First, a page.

It’s called Urophagia—the art of consuming urine. There could be any number of reasons for having the desire to drink your own urine (or somebody else’s). There’s the so-called term “urine therapy,” which uses human urine as an alternative medicine. In urine therapy, or uropathy, it’s used therapeutically for various health, healing, and cosmetic purposes. There’s also those people who drink urine as sexual stimulation, where they want to share every part of each other. And then there’s the o...
How to make sparks without matches or a lighter
Warm water is an essential part of life that we sometimes tend to take for granted. Over one billion people, or roughly one-seventh of the world's population, have no access to hot water.
Ever wanted to build a backyard teepee? Here's your chance! In this two-part tutorial, learn how to contruct an inexpensive teepee out of a tarp. Easy to set-up, this teepee is roomy and fun to play in no matter what age you are! If in the wilderness, use this teepee for reliable shelter from cold or warm weather.
Here's a survival technique for making a fire with the most basic of resources—assuming you can find two sticks to rub together!
What to do if you're lost & freezing in Antarctica? Build a fire to keep warm! Yes, fires can be built successfully in cold and wet conditions with the right tools & preparation. In this eight-part series of short videos, Fitclimb survival instructor Ali teaches how to build a fire in the snow in 15 minutes. You can build this fire with just two tools: a knife and a metal match (magnesium stick). In part one, Ali talks about site preparation and how to choose and prepare the right site for a ...
The Chinese snake knot is a considered a representation of good luck, or its considered as an embodiment of the Snake in the Chinese Zodiac. This Paracord Snake Knot can be used as a bracelet or another decorative piece. This snake knot technique would make a great time passer to have some fun in your leisure. In this video you will learn exactly how to make a Chinese paracord snake knot, and if you were born in '89 you should make one too.
Second Class Boy Scouts work on building their outdoor survival and camping skills. Compass work, nature observation, camp tools, and swimming are areas where new skills are mastered and demonstrated. A second class scout, having completed all the requirements, should be able to lead a hike, care for his own equipment, set up a campsite, and perform basic first aid.
Did you know that there's a way to start a fire by squishing air? In this project, I'll show you how to build a tool that does exactly that—and I'll give you a sneak peak into the principals of how a diesel engine operates!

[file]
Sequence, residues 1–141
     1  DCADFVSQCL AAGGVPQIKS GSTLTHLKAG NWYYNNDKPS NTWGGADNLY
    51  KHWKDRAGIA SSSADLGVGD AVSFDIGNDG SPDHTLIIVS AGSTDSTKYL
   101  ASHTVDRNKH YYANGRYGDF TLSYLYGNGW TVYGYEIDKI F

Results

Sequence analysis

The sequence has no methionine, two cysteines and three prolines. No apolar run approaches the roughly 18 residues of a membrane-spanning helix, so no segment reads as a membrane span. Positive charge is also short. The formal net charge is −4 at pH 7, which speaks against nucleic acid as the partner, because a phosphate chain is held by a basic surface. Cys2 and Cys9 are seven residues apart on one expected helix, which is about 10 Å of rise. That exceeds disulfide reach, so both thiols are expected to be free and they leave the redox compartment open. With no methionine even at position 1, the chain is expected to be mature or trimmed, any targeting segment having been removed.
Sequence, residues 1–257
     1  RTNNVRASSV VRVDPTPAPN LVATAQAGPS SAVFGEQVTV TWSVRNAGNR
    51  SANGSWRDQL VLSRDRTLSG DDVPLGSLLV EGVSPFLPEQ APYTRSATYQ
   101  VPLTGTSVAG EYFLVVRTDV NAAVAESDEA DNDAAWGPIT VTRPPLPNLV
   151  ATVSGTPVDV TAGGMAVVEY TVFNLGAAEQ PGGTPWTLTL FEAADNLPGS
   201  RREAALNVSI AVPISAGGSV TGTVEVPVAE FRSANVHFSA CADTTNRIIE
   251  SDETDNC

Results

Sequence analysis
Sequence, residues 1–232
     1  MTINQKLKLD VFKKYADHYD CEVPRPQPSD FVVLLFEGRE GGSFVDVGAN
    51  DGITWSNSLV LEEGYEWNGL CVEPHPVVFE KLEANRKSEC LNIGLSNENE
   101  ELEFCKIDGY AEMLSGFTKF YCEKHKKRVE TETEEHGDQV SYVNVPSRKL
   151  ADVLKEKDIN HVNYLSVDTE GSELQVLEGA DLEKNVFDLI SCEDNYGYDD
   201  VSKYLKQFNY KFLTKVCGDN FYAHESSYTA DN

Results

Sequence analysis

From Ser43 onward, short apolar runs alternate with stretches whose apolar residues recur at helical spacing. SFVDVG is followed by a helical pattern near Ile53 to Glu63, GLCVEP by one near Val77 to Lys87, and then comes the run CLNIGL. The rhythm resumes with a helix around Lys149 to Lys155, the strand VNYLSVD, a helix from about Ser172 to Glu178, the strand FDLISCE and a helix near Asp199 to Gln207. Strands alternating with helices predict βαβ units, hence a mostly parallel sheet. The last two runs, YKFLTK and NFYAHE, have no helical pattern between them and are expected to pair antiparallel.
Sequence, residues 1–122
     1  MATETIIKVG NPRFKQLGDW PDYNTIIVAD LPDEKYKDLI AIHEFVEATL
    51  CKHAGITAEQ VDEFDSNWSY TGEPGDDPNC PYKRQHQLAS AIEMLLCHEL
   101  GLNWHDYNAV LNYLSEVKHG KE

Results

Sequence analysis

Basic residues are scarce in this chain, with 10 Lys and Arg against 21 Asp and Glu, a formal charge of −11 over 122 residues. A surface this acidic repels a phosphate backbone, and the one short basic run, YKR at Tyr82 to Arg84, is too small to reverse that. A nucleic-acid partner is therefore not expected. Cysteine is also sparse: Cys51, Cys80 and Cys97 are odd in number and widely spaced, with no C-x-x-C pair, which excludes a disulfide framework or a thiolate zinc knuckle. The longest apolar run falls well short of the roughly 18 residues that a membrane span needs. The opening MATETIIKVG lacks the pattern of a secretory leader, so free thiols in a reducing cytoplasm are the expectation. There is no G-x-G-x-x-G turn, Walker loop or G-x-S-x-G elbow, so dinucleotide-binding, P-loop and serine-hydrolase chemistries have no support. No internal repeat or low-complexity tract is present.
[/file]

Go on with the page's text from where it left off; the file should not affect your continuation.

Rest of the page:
Hello, all. In this article, I will be showing you how to make one of the most useful products known to man. I am talking, of course, about charcoal.
Knot tying is the one of the first steps in becoming a well rounded, successful Boy Scout. Who better to learn from than the Boy Scouts themselves? Follow along with this knot tying guide to learn how to tie several knots. Click on the right hand menu to learn the following knots:
As a Boy Scout, when the First Class rank is attained, a scout has learned all the basic camping and outdoors skills of a scout. He can fend for himself in the wild, lead others on a hike or campout, set up a camp site, plan and properly prepare meals, and provide first aid for most situations he may encounter. A First Class scout is prepared.
When your matchbook cover is shot, you can still get a light from a match. Learn how to light a match on the bottom of a coffee mug. Fun survival skills when you have a match and no cover - the ceramic of the mug provides the friction necessary to light a match.
You're being held prisoner, and your hands are tied behind your back with zip ties. You're helpless to escape… Or you would be, if you hadn't watched this tutorial. The helpful folks at ITS Tactical explain how you can quickly escape from zip ties tied behind your back.
Fire. It’s everywhere— always has been. From the Ordovician Period where the first fossil record of fire appears to the present day everyday uses of the Holocene. Today, we abundantly create flames (intentionally or unintentionally) in power plants, extractive metallurgy, incendiary bombs, combustion engines, controlled burns, wildfires, fireplaces, campfires, grills, candles, gas stoves and ovens, matches, cigarettes, and the list goes on... Yet with our societies' prodigal use of fire, t...
John Campbell demonstrates how to eat and extract water from a cactus. You can eat a cactus from the hedgehog plant family. First, cut off the top of the cactus and skin down the sides, cutting off the cactus spines. Cutting the cactus will not hurt it because it can heal itself. The cactus meat will be like a sticky cucumber. Try to avoid the central core because it is stringy but you can eat the cactus meat. Wrap the meat in a bandana, squish it and wring it out to extract the water from th...
Making a fire is important in order to stay warm and more importantly stay alive. In this video tutorial you'll find out how to use a quartz, old file, and the back end of your knife to help start a fire. And again, remember that fire can be dangerous and cause major damage to not only you but to the environment. So be careful!
Garlic ginger syrup is an herbal cough remedy. This cough home remedy would make use of cough herbs such as garlic and ginger. Learn how to make this garlic remedy that is garlic ginger syrup.
Will the predicted apocalyptic date—December 21st, 2012—really be the end of the world? In this ongoing five-part series, we examine what would happen if zombies, nuclear weapons, cyber wars, earthquakes, or aliens actually destroyed our planet—and how you might survive.
This young fellow demonstrates how to start a fire using a battery and a staple. He suggest you begin with a staple or any thin wire, a AA battery and a knife. On the negative terminal of the battery, he cuts off a piece of the insulation by following the small ring on the battery. Pay attention to the small ring between the top of the terminal and the casing. Look for the gap that has some paper material and pry that up. Insert the staple below the paper into the gap. As you move the staple,...
You are not having a good day. You've been abducted by sinister folks, and your hands are tied by a pair of zip ties bound together. How will you escape? In this tutorial, the guys at ITS Tactical show you how to escape from these bound cable ties, which are frequently used as makeshift handcuffs by police and military personnel, along with mischievous kidnappers. To break free, believe it or not, all you need is a little force.